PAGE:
(Updates to close)
* Wall Street pares gains after late biotech selloff
* Brent crude up on week on U.S. data, supply concerns
* Dollar edges higher vs yen; euro up before ECB meeting
* Intermediate-dated U.S. Treasuries near 2-month high
By Herbert Lash and Barani Krishnan
NEW YORK, March 28 Global equity markets ended
higher on Friday but U.S. stocks sharply pared gains after a
late selloff in biotechnology shares, while euro zone government
bond yields fell on renewed bets the European Central Bank will
ease policy next week.
The price of Brent crude oil closed above $108 a barrel for
its first weekly rise in five, helped by data showing a rise in
U.S. consumer spending in February.
Gold fell to six-week lows of just above $1,285 an ounce,
marking the second weekly decline as optimism on the U.S.
economy lifted the dollar and bolstered risk appetite.
On Wall Street, the Nasdaq biotechnology index slumped
nearly 3 percent drop. The biotech sector is down 7 percent for
the week and down about 13 percent for the month.
Some analysts believe the selloff in "momentum" stocks has
yet to run its course.
"Almost everyday this week, we've been seeing a pattern of
the market opening higher and then selling off towards the
close," said Randy Frederick, managing director of trading and
derivatives at the Schwab Center for Financial Research in
"Some are saying that it's the smart money is selling off at
the end of the day. If we see that pattern again today, that
would be concerning."
Among the biggest losers of the day were Gilead Science
, which fell 4 percent to $68.55, and Biogen Idec
, which slumped 5 percent to $294.12.
"The decline in biotech is part of the reallocation of
capital as we near the end of the quarter. It seems like they
are a bit out of favor right now, along with momentum stocks,"
said JJ Kinahan, chief strategist of TD Ameritrade in Chicago.
Stocks had rallied earlier on U.S. data that was largely
promising and signs that China will step in to support its
At the close, the Dow Jones industrial average was up
58.83 points, or 0.36 percent, at 16,323.06. The Standard &
Poor's 500 Index rose 8.56 points, or 0.46 percent, to
1,857.60. The Nasdaq Composite Index finished up 4.53
points, or 0.11 percent, at 4,155.76.
Only the Dow ended the week slightly higher. For the week,
the S&P slipped 0.5 percent and the technology-laced Nasdaq
tumbled 3 percent, after heavy selling in the past few sessions
of Internet stocks deemed overvalued.
U.S. consumer spending rose 0.3 percent in February, the
Commerce Department said, after gaining 0.2 percent in January.
The gain matched economists' expectations.
The Thomson Reuters/University of Michigan's consumer
sentiment index dipped to 80.0 this month from 81.6 in February,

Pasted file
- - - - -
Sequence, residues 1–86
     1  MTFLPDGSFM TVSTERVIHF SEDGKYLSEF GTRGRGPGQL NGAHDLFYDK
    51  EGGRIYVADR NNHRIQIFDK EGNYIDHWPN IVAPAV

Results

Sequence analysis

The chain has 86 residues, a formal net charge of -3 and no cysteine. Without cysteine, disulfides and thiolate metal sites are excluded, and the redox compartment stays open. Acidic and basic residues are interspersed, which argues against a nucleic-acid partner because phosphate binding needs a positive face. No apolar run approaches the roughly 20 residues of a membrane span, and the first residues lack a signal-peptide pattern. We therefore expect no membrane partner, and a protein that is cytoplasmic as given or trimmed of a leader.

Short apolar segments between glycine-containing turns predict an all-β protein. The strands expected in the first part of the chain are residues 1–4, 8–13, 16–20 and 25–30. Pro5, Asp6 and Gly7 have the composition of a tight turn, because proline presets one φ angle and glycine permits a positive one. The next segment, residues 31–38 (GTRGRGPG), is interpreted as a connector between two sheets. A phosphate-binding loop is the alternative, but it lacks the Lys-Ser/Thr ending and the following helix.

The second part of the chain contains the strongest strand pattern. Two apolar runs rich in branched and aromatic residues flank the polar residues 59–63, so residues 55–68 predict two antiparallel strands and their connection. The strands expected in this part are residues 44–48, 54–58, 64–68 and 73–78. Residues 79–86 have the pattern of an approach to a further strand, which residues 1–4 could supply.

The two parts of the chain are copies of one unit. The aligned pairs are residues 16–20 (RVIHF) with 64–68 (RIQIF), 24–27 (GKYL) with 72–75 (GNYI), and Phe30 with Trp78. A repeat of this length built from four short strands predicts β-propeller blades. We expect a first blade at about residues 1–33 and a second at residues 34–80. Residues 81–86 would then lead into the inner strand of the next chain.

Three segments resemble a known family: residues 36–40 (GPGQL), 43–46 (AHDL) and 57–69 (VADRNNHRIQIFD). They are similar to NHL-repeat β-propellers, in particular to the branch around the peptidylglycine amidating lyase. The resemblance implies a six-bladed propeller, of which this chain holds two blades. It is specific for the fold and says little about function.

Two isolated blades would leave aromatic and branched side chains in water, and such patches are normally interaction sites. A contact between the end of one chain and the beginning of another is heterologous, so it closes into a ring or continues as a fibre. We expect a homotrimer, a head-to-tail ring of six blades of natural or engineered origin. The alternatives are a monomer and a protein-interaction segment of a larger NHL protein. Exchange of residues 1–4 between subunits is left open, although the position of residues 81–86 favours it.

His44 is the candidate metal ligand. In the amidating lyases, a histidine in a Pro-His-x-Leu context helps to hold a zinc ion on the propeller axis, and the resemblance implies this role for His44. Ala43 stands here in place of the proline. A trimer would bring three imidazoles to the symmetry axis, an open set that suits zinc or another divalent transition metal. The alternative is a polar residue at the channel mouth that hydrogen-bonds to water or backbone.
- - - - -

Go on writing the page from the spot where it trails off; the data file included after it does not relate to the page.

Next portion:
a decline that did not faze investors. The index was little
changed from earlier in March.
In China, Premier Li Keqiang's said the country, the world's
No. 2 economy, had necessary policies in place and would push
ahead with infrastructure investment to shore up growth.
"This could avert a slowdown in China, and any stimulus that
helps growth somewhere should help growth globally," said Jack
Ablin, chief investment officer at BMO Private Bank in Chicago.
MSCI's all-country world index rose 0.7
percent, and the FTSE Eurofirst 300 index of regional
European shares was up 0.7 percent at 1331.67 points for a
fourth straight day of gains.
In U.S. Treasuries, yields on intermediate-dated notes
neared two-month highs. Analysts and traders expected such debt
to continue underperforming longer-term bonds after Federal
Reserve Chair Janet Yellen's indication last week that U.S.
interest rates could be hiked by spring 2015.
The benchmark 10-year U.S. Treasury note was down 13/32, its
yield at 2.719 percent.
Spanish, Italian, Portuguese and Irish bond yields fell to
historical lows as an unexpected drop in Spanish inflation
bolstered expectations the European Central Bank could ease
monetary policy further.
Data showed that Spanish consumer prices fell 0.2 percent
year-on-year in March, compared with a previous reading of 0.0
percent and a Reuters poll forecast of a 0.1 percent rise.
Italy's cost of borrowing over 10 years fell to its lowest
level since October 2005 at a Friday auction.
That led to expectations that inflation for the whole euro
zone could fall below the 0.6 percent Reuters consensus; the
data is due on Monday. The ECB's target is just below 2.0
The euro fell to a three-week low against the dollar, with
investors mindful of strong rhetoric from ECB officials about
the currency's recent strength, but the euro later recovered on
uncertainty over whether the bank will take action.
The euro has sagged since suggestions of more ECB action
this week from Germany - whose policymakers have in the past
repeatedly voiced concerns about unorthodox monetary easing.
The single currency was slightly higher at $1.3754,
having dipped to $1.3707 earlier.
The U.S. dollar rose 0.7 percent against the yen, to 102.82
yen, buoyed in part by expectations that the Federal
Reserve may start to tighten policy in the early part of next
Brent oil settled flat on the day and up 1 percent
on the week, at $108.07 a barrel. U.S. crude finished at
$101.67 a barrel, up 0.4 percent for the session and 2.2 percent
higher on the week.
The spot price of gold was up 0.1 percent on the day
at $1,292.96 an ounce. For the week, though, it was down 3
(Reporting by Herbert Lash and Barani Krishnan; Additional
reporting by Jamie McGeever in London; Editing by Chris Reese
and Leslie Adler)